Himba are Herero-speaking semi-nomadic pastoralists living in north-western Namibia and south-western Angola. Currently numbering an estimated 25,000 people (though no reliable figures exist), their comparative isolation in a harsh and arid region has meant that they have retained traditional social and cultural patterns to a greater extent than Herero peoples elsewhere in Namibia.
In the sixteenth and seventeenth centuries, Himba migrated along the Kunene River and settled in what is today north-western Namibia and south-western Angola.
The Himba community’s sophisticated cattle herding has led to relative prosperity by regional standards. However, a catastrophic drought from 1979 to 1982 decimated herds and turned many Himba to wage labour, foraging and relief handouts. At the same time the opening of a new front in the war between SWAPO and the South African army restricted mobility and caused many casualties from land-mines. With the end of the war, independent Namibia’s Ministry for Basic Education, Sport and Culture targeted resources to minority communities, including Himba. This has led to improvements in education and healthcare.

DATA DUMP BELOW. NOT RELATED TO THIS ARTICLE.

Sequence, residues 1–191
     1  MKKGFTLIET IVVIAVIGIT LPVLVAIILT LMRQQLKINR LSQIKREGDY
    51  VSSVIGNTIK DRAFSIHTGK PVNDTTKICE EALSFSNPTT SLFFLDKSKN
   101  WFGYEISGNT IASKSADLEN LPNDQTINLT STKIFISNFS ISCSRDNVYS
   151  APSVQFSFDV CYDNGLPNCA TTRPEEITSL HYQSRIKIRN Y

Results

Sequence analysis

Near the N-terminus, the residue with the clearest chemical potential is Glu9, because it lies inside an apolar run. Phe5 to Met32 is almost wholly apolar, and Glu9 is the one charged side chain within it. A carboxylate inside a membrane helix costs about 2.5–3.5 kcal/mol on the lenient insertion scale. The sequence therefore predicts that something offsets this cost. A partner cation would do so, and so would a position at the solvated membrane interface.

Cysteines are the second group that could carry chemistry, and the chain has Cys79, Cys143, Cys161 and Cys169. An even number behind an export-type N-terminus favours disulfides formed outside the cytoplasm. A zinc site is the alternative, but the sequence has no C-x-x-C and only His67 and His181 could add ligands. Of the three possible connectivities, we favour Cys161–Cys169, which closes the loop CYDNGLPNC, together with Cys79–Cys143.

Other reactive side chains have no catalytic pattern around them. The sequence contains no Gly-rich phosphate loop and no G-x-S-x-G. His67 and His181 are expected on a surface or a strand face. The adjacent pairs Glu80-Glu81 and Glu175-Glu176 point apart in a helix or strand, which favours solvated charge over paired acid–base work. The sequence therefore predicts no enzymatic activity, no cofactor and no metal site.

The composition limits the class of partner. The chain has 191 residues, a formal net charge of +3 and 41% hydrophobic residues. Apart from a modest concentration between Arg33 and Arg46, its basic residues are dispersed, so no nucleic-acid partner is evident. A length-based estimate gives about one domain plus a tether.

In the 1990s, a Namibian government proposal for construction of a dam at Epupa Falls on the Kunene river threatened dry season grazing land and sacred burial sites. Many Himba opposed the plan for these reasons, although some, especially belonging to younger generations, supported the dam proposal out of a desire for more local development and jobs. Subsequently, the Angolan and Namibian governments turned away from the Epupa dam, with an offshore gas-to-power project and a dam site elsewhere on the Kunene receiving more favour. In October 2007, it was confirmed that a smaller dam project may go forward at the so-called Baynes site; this would still affect Himba people, but reportedly on a smaller scale.
Himba face an ongoing struggle to protect their land rights, and their territory has been appropriated by larger ethnic groups for grazing. In Kunene region, there have been reports of mining undertaken on Himba land without community consent. Meanwhile, Himba continue to protest the Baynes hydropower project which, though yet to be built, will be constructed on Himba land and would, Himba argue, lead to significant economic, cultural and spiritual destruction for their community if built.